Tennessee students win a divestment fight–even though the school won’t admit it.
February 13, 2013
For Immediate Release
Contact: Zach Blume, Student Organizer, Vanderbilt Responsible Endowment Campaign
firstname.lastname@example.org / (401) 714-3118
Rose Espinola, National Organizer, Responsible Endowments Coalition
Around 50 students gathered in Wilson Hall Friday afternoon to learn more about issues of responsible investment of university endowments at a symposium put on by the Vanderbilt Students of Nonviolence.
Occupy Vanderbilt has sprung up seemingly from no-where. But there’s a story to how those students got angry and decided to take a stand. The students’ seven months of investigation into Vanderbilt’s investment with EMVest, along with years of investigation into Vanderbilt’s investments in HEI Hotels & Resorts, play a large role in that.
Some call it “new colonialism”, while some others call it “land grab” and “land rush”. There are many who would not use such pejoratives and would restrict themselves to investments on land, agri-business, foreign direct investment etc. Well, whatever we call it, the issue remains the same. I am referring to the large scale land acquisitions, mainly in the countries of Sub-Saharan Africa, Latin America and South East Asia.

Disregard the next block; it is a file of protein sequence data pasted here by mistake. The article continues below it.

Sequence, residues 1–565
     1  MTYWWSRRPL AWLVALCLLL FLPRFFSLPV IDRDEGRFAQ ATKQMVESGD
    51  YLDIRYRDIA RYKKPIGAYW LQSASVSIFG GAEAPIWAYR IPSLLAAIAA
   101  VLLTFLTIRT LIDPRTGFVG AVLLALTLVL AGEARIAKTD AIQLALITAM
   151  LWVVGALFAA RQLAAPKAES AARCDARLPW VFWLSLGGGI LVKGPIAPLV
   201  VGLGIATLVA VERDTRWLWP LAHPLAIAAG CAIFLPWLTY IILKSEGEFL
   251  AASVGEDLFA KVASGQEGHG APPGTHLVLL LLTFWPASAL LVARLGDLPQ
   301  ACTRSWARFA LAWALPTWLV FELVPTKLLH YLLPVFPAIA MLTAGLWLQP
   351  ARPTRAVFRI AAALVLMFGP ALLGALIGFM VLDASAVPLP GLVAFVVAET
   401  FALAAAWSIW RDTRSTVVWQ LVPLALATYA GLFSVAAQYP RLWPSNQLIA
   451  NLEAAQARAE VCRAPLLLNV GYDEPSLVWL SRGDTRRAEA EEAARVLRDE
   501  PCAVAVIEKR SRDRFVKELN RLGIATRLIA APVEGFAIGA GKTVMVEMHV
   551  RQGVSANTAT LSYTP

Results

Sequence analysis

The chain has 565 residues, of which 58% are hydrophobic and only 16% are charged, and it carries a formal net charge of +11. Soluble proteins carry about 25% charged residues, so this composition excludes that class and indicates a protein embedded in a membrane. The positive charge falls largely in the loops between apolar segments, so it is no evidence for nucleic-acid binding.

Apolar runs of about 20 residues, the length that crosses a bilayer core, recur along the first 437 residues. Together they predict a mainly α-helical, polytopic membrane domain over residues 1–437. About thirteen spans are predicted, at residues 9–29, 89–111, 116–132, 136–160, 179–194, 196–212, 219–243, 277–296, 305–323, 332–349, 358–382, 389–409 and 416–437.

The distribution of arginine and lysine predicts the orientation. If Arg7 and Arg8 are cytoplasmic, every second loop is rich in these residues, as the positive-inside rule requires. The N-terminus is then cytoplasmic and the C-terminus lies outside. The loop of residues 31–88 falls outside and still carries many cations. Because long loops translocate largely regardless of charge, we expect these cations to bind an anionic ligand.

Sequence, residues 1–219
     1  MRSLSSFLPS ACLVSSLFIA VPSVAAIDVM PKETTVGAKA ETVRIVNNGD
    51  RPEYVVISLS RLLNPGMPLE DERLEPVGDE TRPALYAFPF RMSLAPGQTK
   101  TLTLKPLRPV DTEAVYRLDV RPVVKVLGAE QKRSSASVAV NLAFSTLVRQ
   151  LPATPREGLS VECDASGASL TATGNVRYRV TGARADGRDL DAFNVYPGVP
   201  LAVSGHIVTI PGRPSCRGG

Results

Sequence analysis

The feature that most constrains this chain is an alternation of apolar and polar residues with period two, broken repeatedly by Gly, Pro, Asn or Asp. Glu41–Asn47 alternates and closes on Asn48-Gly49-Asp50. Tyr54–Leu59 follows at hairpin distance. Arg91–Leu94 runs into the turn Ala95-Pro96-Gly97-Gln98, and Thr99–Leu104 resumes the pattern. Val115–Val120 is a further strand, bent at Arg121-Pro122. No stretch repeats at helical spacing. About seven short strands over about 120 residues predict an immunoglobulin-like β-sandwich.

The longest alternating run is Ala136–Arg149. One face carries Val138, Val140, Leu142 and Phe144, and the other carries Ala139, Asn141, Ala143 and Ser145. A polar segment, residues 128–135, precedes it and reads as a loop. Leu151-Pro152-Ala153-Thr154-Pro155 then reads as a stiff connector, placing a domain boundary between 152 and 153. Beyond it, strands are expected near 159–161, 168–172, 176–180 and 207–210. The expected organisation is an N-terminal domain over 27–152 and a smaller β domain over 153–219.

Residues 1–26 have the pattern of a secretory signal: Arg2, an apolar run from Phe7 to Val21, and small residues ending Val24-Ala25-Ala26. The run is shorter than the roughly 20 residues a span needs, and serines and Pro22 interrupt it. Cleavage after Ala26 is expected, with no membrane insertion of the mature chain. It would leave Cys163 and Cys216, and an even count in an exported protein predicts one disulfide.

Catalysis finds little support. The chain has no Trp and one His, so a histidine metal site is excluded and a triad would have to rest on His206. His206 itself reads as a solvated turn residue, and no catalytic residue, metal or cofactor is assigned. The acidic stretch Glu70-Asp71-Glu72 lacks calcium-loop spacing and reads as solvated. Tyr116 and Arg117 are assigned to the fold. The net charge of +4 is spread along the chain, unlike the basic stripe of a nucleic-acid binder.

Editor's note: The following letter is written on behalf of the Oakland Institute's board of directors. The Oakland Institute is an independent policy think-tank based in California, whose research led to allegations that Vanderbilt's endowment is invested in exploitative "land grabs" in Africa.
To the editor:
Susan Payne, CEO of Emergent, promoting land investment in Africa. This video was downloaded from the Emergent website on December 20, 2010.
EmVest Asset Management is a joint venture between Emergent Asset Management and Grainvest, a subsidiary of the RussellStone Group. Based out of Pretoria, South Africa, EmVest operates the African Land Fund (ALF) and lists social responsibility as a guiding tenet of its investment strategy, citing a desire to bring “economic uplift to communities through commercially viable, first world practices.”